Austin Rental Market Update – Oct 2009

The rental market for houses in Austin is still slowly improving, climbing out of the huge dip we took after the tech bust and 9/11. For October 2009, average and median rents are both up about 1%, but homes are taking longer to rent, averaging 42 days on market compared to 38 a year ago in October.

This is a macro view though. In talking with other property managers in Austin, it’s not uncommon for some homes to be renting for the same or less than a year earlier, while others can do a bit better. It’s really a function of the number of competing homes and the location of the property. It took 45 days for me to rent a central Austin home in 78704 recently and we had to take $50/mo. less than a year earlier. Had I accepted large dogs and/or poor credit, it would have rented right away, so rental criteria is also a determining factor in how long it takes and the amount attainable.

October stats are listed in the chart below.

Austin Real Estate Rental Market Update October 2009
Houses only (condos, duplexes, etc. not included) compiled from Austin MLS data

Sep 2009 Oct 2009 Oct 2008 Yr % Change
# Rented 665 660 684 -3.51%
Avg List $1,437 $1,421 $1,401 1.43%
Med List $1,250 $1,250 $1,250 0.00%
Avg Rent $1,419 $1,402 $1,388 1.01%
Med Rent $1,250 $1,250 $1,240 0.81%
Rent/List % 98.75% 98.66% 99.07% -0.41%
Avg SQFT 1970 1951 1882 3.67%
Med SQFT 1808 1800 1739 3.51%
Avg $ SQFT $0.72 $0.72 $0.74 -2.56%
Avg DOM 40 42 38 10.53%
Median DOM 32 34 29 17.24%
# Expired 56 55 83 -33.73%
# Withdrawn 148 114 180 -36.67%
Not Rented 204 169 263 -35.74%
Not Rented % 23.48% 20.39% 27.77% -26.59%

Let’s have a look at 2009 year to date through October, compared to the same period in 2008.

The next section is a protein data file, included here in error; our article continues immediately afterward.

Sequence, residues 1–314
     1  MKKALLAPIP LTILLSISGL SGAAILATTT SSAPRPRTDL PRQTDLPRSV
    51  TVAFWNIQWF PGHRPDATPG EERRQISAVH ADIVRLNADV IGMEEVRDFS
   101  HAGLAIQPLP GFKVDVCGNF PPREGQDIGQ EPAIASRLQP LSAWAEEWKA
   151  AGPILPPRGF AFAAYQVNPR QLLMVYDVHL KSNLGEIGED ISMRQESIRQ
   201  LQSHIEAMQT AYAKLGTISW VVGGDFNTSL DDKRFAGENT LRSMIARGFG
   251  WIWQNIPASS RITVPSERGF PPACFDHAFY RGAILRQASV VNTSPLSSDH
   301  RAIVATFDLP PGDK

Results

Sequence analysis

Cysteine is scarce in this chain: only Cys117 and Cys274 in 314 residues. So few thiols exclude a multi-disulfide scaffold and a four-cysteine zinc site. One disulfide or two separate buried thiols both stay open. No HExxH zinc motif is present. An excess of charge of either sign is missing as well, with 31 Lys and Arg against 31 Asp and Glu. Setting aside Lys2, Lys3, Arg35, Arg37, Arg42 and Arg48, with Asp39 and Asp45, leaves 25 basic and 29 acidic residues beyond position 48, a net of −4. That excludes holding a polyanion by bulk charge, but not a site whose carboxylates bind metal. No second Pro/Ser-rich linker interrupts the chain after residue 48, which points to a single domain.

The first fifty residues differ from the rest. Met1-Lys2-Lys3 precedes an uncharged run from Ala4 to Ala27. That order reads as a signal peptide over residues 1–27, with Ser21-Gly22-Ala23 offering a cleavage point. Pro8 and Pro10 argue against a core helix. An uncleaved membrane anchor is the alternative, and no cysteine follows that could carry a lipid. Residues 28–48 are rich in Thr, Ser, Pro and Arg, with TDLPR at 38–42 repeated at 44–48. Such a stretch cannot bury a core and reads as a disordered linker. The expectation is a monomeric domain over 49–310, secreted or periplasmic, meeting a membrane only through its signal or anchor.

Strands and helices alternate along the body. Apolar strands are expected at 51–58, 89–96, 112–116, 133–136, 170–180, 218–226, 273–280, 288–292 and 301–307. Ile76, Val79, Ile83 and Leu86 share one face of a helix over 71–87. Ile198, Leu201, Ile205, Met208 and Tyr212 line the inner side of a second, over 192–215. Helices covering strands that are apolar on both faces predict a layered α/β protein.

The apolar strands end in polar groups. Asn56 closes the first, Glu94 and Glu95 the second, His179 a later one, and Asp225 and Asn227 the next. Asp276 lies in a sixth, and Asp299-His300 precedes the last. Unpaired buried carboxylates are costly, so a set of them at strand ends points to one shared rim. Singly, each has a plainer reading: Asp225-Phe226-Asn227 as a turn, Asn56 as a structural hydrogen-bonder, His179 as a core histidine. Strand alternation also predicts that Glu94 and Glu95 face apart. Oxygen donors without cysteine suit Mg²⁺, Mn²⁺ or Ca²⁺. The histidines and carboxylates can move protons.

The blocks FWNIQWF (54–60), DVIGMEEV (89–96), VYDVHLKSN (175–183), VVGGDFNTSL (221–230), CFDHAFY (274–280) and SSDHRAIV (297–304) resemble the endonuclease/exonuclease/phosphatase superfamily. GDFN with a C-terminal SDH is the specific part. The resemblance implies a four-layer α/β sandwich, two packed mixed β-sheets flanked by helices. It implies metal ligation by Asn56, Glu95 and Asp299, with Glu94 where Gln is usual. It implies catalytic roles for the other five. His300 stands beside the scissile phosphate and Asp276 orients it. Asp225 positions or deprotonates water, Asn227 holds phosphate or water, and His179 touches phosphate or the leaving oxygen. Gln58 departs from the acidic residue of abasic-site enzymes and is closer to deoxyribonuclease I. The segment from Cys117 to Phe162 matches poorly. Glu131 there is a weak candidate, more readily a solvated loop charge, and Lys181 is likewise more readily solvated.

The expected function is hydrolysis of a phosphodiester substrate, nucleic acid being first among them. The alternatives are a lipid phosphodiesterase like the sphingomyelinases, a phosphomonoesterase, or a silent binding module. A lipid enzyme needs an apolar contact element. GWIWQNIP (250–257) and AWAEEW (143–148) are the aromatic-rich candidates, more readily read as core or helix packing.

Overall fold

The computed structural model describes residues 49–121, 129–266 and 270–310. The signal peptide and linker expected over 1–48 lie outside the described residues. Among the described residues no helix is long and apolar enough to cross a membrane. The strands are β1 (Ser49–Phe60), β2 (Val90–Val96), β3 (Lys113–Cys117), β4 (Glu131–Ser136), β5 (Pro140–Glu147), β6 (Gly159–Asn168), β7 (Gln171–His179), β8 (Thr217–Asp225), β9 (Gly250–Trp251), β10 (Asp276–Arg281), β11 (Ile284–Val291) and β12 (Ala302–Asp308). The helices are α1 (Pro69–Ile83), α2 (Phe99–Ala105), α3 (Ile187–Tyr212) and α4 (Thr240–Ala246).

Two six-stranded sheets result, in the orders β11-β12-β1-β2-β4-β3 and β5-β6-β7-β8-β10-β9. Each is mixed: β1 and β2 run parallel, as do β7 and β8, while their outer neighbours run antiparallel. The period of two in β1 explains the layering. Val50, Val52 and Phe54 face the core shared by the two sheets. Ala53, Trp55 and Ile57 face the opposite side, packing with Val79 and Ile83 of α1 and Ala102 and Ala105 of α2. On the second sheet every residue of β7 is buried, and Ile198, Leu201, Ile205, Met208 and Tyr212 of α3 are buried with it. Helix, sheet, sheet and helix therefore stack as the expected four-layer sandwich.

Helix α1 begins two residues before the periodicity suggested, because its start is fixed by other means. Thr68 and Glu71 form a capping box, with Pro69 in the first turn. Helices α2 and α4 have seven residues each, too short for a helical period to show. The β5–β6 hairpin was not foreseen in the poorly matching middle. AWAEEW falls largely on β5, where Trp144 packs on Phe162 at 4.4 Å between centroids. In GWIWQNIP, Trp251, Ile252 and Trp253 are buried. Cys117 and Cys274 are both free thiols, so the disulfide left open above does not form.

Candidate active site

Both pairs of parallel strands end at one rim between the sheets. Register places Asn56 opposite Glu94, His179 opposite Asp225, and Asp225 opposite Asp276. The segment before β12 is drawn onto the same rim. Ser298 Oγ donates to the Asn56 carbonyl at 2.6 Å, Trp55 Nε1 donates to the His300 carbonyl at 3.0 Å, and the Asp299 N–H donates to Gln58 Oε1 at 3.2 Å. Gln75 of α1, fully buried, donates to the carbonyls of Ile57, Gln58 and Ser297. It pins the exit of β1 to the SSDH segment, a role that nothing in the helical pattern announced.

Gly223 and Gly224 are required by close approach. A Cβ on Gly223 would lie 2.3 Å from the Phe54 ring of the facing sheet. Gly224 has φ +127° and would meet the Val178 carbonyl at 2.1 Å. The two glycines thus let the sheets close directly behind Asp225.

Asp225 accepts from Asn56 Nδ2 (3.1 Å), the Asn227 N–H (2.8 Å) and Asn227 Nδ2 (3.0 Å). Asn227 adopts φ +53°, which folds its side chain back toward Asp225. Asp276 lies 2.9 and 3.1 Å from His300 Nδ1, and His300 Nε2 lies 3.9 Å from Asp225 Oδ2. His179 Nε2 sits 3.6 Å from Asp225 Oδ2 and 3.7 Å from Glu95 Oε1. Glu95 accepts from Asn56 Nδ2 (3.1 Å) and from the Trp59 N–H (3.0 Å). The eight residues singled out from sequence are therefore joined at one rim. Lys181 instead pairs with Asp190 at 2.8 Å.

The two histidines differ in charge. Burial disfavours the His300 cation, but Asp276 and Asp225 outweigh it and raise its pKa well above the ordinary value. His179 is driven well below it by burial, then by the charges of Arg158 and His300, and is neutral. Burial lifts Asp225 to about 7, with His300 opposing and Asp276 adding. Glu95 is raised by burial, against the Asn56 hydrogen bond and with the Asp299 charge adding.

Austin Rental Market YTD Update – Jan-Oct 2009
Houses only (no condos, duplexes, etc) – Data from Austin MLS

Jan-Oct 09 Jan-Oct 08 Yr % Change
# Rented 7,735 6,922 11.75%
Avg List $1,464 $1,445 1.31%
Med List $1,275 $1,290 -1.16%
Avg Rented $1,449 $1,433 1.12%
Med Rented $1,250 $1,275 -1.96%
Leased/List % 98.98% 99.17% -0.20%
Avg SQFT 1969 1926 2.23%
Med SQFT 1814 1800 0.78%
Avg $ SQFT $0.74 $0.74 -1.09%
Avg DOM 41 32 28.13%
Median DOM 30 22 36.36%
# Expired 501 614 -18.40%
# Withdrawn 1397 977 42.99%
Not Sold 1898 1591 19.30%
Not Sold % 20% 19% 5.43%

For the year, the median has dropped a bit while the average remains up about 1%. Remember though, 1% is only $14/mo for the average rental home in Austin. That’s about 1/3 of an average day’s rent, so nothing to get excited about. Days on market in 2009 are much higher than 2008 overall, which drives rents down as owners and property managers drop rents seeking faster rental. For $1,250 rental, it only has to remain vacant and extra 2 weeks to lose all of the additional rent gained over a faster $1195/mo. attempt, so landlords are always trying to find the market rent that will get it rented in an acceptable amount of time.

Finally, below the the history of our rental market average and median prices for rental homes in Austin. We’re still below our 200/2001 peaks rental rates.


As usual, questions, comments and observations are welcome.